Tonight, I made the drive back to the detention center again. It’s been a while since I made the trek. My own personal life had made visits almost impossible but things have cleared up a bit. It was raining and the traffic was terrible but I finally made it around 7.
As usual, the lobby and visitors area was full of families and kids. The first person I tried to see, “wasn’t there” anymore. That usually means the person has been deported. So, I decided to pick another person on our list, “E” from Cameroon, Africa.
I missed it when they called his name. But I found him about 5 min later. He was at the very last station in the visitation corridor and slouched against the wall. On the way to the back, I passed a dad cradling a baby, many young women, and a pair of teen boys talking to men through the glass partitions. The end station didn’t have a chair so I found myself standing- looking down at “E”. He had dreadlocks, full sleeve tattoos, deep brown eyes, and looked grumpy. He brightened up when he saw me but was clearly suspicious/curious. “Who are you??” He asked first. You’d never know English wasn’t his first language. I told him I was a volunteer & just there to visit. I told him I was from Kansas. He said I was the first person he’d ever met from Kansas.
He was still a little guarded so I told him a bad joke (what do you call cheese that isn’t yours? Nacho cheese!) and he told me a dumb joke too. “E” relaxed a little and insisted that I pull up a chair. We ended up chatting for about an hour.
I learned that he’d been in this detention center about 18 months after 4 years in prison. They are trying to deport him but he’s sure his asylum status will be upheld and that he’ll get a green card. He’s hoping to get out on Wednesday. I learned that his father had been a politician in Cameroon and was killed in 1997. “E” would have been 7 at the time. He was the youngest of 7 children. 5 boys and 2 girls. The two sisters were making their way as a nurse and a teacher. Another brother was in prison. “E” hopes to get out and go to California and get into music. He lamented how he is “not involved” in life when he’s in the center. He can’t wait to be involved again. “There’s so many good kids in here. They have a lot to offer and they can’t.”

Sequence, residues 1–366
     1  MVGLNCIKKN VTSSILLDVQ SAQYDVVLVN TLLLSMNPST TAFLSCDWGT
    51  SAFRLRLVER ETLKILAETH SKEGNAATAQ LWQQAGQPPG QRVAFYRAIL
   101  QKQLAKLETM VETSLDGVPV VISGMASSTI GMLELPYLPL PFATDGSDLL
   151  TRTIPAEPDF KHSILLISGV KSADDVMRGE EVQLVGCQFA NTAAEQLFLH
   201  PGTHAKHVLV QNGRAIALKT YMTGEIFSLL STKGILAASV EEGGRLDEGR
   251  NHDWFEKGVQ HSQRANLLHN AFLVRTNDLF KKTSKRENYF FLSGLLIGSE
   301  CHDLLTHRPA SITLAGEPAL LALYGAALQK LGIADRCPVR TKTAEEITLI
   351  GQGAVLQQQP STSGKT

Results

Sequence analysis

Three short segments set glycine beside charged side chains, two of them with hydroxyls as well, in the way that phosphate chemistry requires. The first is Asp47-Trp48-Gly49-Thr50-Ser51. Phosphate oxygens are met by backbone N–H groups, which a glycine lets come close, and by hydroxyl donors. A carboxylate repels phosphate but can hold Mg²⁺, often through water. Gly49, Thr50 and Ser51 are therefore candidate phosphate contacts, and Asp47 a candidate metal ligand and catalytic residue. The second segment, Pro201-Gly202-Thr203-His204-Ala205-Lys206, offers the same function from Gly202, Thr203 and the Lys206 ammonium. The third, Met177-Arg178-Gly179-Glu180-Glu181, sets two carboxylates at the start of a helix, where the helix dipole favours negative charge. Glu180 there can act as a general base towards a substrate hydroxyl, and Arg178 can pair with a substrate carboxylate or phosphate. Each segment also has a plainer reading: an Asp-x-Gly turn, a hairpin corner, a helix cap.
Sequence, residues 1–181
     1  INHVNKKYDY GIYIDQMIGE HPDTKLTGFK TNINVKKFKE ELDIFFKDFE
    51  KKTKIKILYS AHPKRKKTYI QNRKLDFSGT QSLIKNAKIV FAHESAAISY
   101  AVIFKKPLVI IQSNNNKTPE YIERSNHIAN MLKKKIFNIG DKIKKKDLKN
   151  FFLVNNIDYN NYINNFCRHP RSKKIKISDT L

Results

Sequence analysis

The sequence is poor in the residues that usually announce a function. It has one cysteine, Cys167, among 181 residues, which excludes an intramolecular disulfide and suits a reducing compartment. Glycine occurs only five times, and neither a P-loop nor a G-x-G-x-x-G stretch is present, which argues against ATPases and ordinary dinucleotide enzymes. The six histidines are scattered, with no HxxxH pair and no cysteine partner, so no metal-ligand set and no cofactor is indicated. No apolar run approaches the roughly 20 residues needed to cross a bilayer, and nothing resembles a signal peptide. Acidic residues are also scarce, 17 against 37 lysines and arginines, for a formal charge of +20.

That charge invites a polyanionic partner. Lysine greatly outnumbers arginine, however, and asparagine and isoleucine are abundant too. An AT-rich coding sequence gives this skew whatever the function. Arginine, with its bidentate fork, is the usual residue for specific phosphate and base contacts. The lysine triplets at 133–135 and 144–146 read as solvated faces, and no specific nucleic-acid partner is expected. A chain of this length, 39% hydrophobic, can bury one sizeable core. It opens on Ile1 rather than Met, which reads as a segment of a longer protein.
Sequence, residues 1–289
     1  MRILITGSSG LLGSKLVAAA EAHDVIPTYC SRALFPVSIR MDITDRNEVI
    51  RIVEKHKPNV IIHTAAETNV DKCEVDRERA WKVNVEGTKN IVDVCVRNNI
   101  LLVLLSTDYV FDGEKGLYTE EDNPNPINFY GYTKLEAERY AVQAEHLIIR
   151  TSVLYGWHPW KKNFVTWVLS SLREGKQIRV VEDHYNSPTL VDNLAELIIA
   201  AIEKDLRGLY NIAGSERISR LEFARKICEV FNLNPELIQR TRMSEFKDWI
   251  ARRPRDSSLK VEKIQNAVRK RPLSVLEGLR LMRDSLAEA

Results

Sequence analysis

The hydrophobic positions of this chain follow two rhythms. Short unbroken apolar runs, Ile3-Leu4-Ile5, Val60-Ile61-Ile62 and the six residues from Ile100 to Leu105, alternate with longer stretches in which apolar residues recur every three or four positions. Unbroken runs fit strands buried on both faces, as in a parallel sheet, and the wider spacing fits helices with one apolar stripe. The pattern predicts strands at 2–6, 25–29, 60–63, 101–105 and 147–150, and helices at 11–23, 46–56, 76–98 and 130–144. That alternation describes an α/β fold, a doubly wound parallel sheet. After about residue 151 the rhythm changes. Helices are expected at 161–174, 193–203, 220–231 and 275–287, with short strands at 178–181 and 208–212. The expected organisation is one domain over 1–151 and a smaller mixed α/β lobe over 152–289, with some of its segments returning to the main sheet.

“E” is incredibly bright, politically savvy, and was easy to talk to once he warmed up. I asked about his tattoos. I was honestly a little surprised when he showed me and explained his delicate tattoos of Winnie Mandela, Haile Selassie, Martin Thembisile Hani, and other African political activists. There were tattoos of Mother Mary and a broken chain link near his hand. Every single spot of ink had a specific meaning.
He told me that other people had come to visit him but he was always in a mood and just got up and walked away. But not you, he said. He was convinced we met for a reason.
I really enjoyed talking with him. We talked about the food, the quotas, racism, the privatization of the prison industry- “we are just a commodity once we are in here,” he said. He was pretty impressive for a 28 year old!
“There’s some guys who need to be in here.” He said. “But not me. I’ve got a lot of things to do once I get out of here.”
I don’t doubt it. I promised to pray for him and wished him blessings along the journey of his life.
When I dropped my locker key off with the friendly Nigerian guard, I asked him if he had a good Thanksgiving. He made a face. “Every day is Thanksgiving. You people eat turkey one day and make a big deal out of it. Every morning I wake up, I give thanks to God.” He looked at me intently. “Do you ever think about that?”
Yes. But I should think about that every day too.
I’ll be back.